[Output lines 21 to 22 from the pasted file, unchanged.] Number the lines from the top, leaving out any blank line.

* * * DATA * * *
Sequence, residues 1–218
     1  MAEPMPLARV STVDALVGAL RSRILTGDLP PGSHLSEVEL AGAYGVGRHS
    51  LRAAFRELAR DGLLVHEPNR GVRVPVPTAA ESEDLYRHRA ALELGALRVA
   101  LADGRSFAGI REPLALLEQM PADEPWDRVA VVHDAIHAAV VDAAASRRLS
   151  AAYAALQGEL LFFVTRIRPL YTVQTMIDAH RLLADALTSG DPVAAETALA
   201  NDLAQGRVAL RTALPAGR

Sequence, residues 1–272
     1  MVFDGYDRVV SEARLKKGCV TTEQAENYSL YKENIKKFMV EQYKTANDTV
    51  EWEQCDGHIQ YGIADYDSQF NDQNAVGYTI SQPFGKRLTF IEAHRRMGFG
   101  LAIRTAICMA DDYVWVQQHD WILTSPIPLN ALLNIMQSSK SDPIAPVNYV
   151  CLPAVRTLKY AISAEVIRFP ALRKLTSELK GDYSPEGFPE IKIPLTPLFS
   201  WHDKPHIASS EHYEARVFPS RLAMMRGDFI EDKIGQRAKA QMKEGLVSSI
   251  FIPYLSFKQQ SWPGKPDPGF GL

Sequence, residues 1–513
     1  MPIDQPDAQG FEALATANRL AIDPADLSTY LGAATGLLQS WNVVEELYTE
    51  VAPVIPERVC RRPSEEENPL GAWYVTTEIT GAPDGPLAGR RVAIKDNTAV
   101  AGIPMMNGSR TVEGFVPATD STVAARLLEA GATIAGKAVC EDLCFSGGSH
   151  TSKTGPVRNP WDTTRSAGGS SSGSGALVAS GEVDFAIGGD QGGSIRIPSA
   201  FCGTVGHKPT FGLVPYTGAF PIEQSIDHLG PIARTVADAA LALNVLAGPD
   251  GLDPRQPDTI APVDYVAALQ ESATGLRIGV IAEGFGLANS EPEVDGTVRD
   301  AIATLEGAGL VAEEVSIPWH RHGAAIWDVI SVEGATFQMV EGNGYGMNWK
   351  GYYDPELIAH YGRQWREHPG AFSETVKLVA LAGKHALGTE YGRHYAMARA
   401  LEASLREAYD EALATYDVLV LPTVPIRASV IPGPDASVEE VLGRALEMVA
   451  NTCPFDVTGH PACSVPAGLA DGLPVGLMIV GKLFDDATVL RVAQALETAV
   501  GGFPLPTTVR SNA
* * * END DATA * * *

   301  AIATLEGAGL VAEEVSIPWH RHGAAIWDVI SVEGATFQMV EGNGYGMNWK
   351  GYYDPELIAH YGRQWREHPG AFSETVKLVA LAGKHALGTE YGRHYAMARA